How to Peel an Orange

by Jeremy Paden

My Puerto Rican
grandmother
had
a contraption
a peeler
a clamp that held
the orange
in place with rods

an axis
on which the orb
turned

while a blade
etched
a grove
around the globe
& a long fine ribbon
would unravel
its way
to the floor

We
pretended
the ribbons
were streamers

would tie
them into bows
turn them into winding
roads
necklaces
bracelets
hair bobbles

would litter
the kitchen
with bits
of broken
peel

My Texan
grandfather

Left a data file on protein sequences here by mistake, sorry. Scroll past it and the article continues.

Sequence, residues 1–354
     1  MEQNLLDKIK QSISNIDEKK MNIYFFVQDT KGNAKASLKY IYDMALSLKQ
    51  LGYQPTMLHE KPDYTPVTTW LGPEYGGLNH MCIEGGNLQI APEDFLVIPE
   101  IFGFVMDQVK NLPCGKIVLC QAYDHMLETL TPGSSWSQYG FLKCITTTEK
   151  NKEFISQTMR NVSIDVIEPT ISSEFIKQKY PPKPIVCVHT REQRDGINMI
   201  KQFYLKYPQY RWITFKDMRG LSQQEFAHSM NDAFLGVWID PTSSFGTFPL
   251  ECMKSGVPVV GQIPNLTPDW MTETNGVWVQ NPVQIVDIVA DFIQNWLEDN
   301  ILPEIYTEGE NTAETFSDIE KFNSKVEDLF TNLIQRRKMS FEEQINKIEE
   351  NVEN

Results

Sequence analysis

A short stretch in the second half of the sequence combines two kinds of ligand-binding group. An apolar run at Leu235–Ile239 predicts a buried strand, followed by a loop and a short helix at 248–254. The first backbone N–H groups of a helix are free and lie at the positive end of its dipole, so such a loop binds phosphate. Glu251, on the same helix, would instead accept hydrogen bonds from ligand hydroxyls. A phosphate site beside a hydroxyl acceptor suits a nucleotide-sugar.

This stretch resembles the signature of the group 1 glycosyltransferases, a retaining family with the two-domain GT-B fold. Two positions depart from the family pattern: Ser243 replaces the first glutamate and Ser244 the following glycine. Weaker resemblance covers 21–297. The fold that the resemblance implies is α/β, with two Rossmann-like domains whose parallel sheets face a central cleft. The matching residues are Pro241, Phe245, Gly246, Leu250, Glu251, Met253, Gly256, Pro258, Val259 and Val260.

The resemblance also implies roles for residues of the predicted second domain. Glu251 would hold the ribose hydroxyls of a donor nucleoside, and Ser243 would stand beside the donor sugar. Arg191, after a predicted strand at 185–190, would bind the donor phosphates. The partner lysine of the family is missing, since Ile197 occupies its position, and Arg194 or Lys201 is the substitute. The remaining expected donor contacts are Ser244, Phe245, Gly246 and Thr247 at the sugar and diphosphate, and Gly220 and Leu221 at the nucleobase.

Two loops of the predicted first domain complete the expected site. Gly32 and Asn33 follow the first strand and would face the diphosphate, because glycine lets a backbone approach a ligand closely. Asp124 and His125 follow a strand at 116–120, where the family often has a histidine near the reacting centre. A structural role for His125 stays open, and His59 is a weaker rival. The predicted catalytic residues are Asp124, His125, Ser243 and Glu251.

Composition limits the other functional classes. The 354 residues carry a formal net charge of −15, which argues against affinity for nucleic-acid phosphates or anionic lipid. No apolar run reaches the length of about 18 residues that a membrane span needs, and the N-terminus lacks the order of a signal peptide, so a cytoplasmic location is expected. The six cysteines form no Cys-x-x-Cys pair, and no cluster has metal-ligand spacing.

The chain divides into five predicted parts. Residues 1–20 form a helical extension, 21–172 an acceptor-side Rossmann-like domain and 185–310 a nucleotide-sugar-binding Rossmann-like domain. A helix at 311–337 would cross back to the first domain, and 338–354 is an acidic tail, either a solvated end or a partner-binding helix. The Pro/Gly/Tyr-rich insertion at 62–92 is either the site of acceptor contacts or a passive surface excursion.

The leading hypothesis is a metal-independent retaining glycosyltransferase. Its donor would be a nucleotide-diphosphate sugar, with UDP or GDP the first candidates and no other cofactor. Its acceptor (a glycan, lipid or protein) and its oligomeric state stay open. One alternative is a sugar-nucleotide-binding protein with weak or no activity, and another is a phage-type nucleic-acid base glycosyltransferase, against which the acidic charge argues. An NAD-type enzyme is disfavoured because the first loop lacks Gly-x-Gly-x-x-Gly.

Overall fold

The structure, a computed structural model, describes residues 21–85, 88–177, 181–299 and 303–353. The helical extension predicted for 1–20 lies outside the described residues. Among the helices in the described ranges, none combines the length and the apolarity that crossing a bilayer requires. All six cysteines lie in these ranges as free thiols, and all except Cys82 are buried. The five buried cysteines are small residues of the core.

schooled
in the ways
of pocket-knives
used his large
blade & thumb
to score
the fruit
then pull
the peel away

always keeping
a napkin
or handkerchief
between
fruit & palm
to keep the oils
from mixing
with the dirt & grease
of his mechanic’s
hands

He would toss
the peel
on the ground
wipe his hands
& mouth
& walk away
as he whistled
some gospel tune

My father
impatient
uses his teeth
though they are set
on edge
to puncture
the rind
though he cannot taste
the sweetness
of the first few
slices
for the bitter oils
that linger
on his tongue

Sometimes
he bites too deeply
& his mouth
fills
with juice & oil
& he eats
that orange like an apple
peel, pith & pulp

I use my nails
though they have always
been thin
like my mother’s

though the peel lodges
between nail plate
& bed
though the oils
always leave
my hands stained